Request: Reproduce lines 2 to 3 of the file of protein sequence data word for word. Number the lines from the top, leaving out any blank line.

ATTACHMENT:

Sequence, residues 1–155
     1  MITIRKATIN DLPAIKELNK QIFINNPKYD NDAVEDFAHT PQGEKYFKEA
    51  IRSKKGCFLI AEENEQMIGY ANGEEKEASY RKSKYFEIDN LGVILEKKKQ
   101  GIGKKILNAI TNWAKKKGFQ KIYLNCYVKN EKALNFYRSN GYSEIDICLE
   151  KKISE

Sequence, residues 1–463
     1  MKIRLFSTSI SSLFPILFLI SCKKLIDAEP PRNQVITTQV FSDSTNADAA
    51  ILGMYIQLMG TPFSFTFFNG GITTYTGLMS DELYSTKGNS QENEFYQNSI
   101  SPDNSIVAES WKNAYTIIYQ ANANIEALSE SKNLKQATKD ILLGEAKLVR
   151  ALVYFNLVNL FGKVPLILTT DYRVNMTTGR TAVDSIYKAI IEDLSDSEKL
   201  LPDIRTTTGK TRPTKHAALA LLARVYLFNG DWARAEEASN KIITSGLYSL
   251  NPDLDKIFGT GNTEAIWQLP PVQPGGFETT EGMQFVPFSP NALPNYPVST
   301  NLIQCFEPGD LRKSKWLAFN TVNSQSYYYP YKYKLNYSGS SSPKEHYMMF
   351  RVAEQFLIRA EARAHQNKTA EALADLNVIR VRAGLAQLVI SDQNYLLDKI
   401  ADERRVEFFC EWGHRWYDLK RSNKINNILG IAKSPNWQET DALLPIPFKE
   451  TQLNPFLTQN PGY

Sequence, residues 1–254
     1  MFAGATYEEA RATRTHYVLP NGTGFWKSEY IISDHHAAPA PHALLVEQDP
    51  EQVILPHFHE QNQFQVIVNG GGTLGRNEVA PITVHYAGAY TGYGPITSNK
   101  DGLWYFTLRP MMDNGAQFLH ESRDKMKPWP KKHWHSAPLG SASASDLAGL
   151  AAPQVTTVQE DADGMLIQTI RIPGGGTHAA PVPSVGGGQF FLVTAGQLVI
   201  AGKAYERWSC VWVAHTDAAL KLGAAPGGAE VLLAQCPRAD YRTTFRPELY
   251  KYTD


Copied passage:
     1  MITIRKATIN DLPAIKELNK QIFINNPKYD NDAVEDFAHT PQGEKYFKEA
    51  IRSKKGCFLI AEENEQMIGY ANGEEKEASY RKSKYFEIDN LGVILEKKKQ